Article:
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US, S Korea Reach Agreement on FTA

by Mike Godfrey,, Washington

07 December 2010

Following further negotiations, the United States Trade Representative, Ron Kirk, and the South Korean Minister for Trade, Kim Jong-hoon, declared on December 3 that they had successfully resolved the outstanding issues of the proposed United States-South Korea free trade agreement (KORUS FTA).

After their meeting, Kirk and Kim announced that “substantial progress” had been made in their discussions, and that “it's time now for the leaders to review this progress before we move forward." Subsequently, positive statements were made by both governments.

President Barack Obama said that he was “very pleased" that the US and South Korea have reached agreement on a landmark trade deal that is expected to increase annual exports of American goods by up to USD11bn and support at least 70,000 American jobs. "Last month in Seoul I directed our negotiators to achieve the best deal for American workers and companies, and this agreement meets that test,” he remarked.

“Today’s agreement is an integral part of my Administration’s efforts to open foreign markets to US goods and services, create jobs for American workers, farmers and businesses, and achieve our goal of doubling of US exports over five years,” he added.

South Korea’s President Lee Myung-bak confirmed his belief that the accord is significant because it lays the groundwork for a ‘win-win’ relationship by reflecting the national interests of South Korea and the US in a balanced manner. "This result was made possible because both sides worked hard to find acceptable alternatives that would allow for the ratification and effectuation of the FTA,” he observed.

“The KORUS FTA will certainly bring enormous economic benefits to both our countries,” he added. “Once the KORUS FTA comes into effect, South Korea will become the only country that has free trade agreements with all three of the world’s largest economic blocs—the US, European Union and the Association of Southeast Asian Nations. The KORUS FTA will also be instrumental in boosting Korean exports significantly, and the Korean economy will have an opportunity for yet another growth surge.”

The KORUS FTA would eliminate tariffs on over 95% of industrial and consumer goods within five years. The US government has emphasized that, under the agreement, US exports of aerospace, automotive, consumer goods, electrical/electronic goods, metals, scientific equipment, and shipping and transportation equipment will gain duty-free access to the South Korean market.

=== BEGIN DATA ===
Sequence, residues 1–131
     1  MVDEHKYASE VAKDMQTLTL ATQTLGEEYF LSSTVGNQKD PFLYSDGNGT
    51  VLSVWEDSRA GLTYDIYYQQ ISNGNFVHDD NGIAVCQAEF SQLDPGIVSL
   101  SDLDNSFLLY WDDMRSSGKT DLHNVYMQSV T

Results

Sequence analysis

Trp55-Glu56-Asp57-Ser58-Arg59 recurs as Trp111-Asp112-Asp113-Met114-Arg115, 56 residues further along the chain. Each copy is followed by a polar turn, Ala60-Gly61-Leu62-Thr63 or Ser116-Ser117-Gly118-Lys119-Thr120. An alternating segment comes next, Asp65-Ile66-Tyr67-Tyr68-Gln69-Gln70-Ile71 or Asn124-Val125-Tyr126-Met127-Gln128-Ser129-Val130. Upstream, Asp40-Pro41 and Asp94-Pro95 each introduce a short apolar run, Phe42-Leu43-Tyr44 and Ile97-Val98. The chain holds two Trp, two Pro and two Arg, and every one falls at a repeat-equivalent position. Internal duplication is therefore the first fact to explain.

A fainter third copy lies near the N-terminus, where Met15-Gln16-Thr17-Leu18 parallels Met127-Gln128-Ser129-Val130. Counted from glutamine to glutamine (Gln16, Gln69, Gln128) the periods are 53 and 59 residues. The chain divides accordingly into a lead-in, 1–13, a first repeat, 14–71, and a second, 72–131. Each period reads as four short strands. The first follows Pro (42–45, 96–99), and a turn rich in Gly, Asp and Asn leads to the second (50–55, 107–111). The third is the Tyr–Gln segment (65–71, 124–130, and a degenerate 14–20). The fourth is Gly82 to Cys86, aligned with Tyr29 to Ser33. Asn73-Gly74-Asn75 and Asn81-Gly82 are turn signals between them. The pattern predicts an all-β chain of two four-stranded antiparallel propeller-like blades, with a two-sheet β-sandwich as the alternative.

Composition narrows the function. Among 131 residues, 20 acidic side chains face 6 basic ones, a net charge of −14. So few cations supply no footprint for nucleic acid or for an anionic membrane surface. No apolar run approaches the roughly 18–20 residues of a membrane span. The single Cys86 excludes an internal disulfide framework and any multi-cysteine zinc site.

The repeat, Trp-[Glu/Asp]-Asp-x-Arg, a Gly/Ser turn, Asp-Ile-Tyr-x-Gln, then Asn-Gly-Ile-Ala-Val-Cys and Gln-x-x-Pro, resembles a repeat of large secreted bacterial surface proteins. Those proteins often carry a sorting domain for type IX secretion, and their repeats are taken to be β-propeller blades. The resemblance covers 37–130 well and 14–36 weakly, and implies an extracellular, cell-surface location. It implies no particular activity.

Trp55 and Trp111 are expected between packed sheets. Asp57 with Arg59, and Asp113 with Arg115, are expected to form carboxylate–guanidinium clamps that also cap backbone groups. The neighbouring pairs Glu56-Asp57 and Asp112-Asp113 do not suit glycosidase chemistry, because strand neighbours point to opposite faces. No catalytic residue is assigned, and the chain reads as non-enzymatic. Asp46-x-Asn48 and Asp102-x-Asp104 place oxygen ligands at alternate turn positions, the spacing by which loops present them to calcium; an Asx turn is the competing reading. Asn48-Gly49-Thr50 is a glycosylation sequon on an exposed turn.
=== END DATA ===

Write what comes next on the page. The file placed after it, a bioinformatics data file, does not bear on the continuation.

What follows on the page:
However, in addition, the KORUS FTA would address non-tariff barriers to US exports. The agreement deals with existing barriers and establishes new rules on how South Korea will develop its regulations applied to US exports in the future, whilst also containing protection on intellectual property rights.

In particular, President Obama said that the US auto sector, whose problems in exporting to South Korea have been a main discussion point in the re-negotiation of the original 2007 agreement, would gain more access to the South Korean market and a level playing field to take advantage of that access.

For example, the agreement would improve market access for US auto companies by addressing ways South Korea’s system of automotive safety standards have served as a barrier to US exports. Similarly, the agreement addresses proposed South Korean environmental standards that could serve as a barrier to US exports – striking, it was said, a balance “that respects our shared desire to reduce the environmental impact of automobiles, but alleviates a real burden placed on American auto companies importing smaller volumes into Korea.”

Furthermore, South Korea has agreed to match the openness provided by the US in a host of services sectors, ranging from energy and environmental services to financial services and distribution. The agreement’s provisions on cross-border services, telecommunications, and electronic commerce would offer particular advantages to the information and communications technology service sector, while the financial services chapter in the KORUS FTA agreement would provide significantly improved market access into South Korea for US financial services firms.

It is planned that the agreement will now pass to the two countries’ respective legislatures for approval before it might come into effect. President Obama said that he "looked forward to working with Congress and leaders in both parties to get this done,” while President Lee hoped that “the legislatures of [the] two countries will be able to ratify the agreement as promptly as possible.”

Ratification of the KORUS FTA by Congress has been long-delayed, but the US auto industry is reportedly now said to be reasonably content with the revised terms of the agreement. It is also hoped that the new Republican majority in the House of Representatives may be more amenable to passing free trade legislation.

The US Chamber of Commerce has stressed that “now it’s time for the new Congress to make passage of the KORUS FTA a top priority in January. We will do everything in our power to round up the votes.”

However, President Lee may have his own problems in the South Korean parliament. While there has been some business support for the new agreement, the main opposition party has voiced criticism that the government has made too many concessions, particularly with regard to the auto sector, and has received too little in recompense. It has called the final deal “humiliating”.

TAGS: tax | free trade agreement (FTA) | law | intellectual property | financial services | tariffs | agreements | manufacturing | legislation | Korea, South | United States | import duty | standards | trade | services

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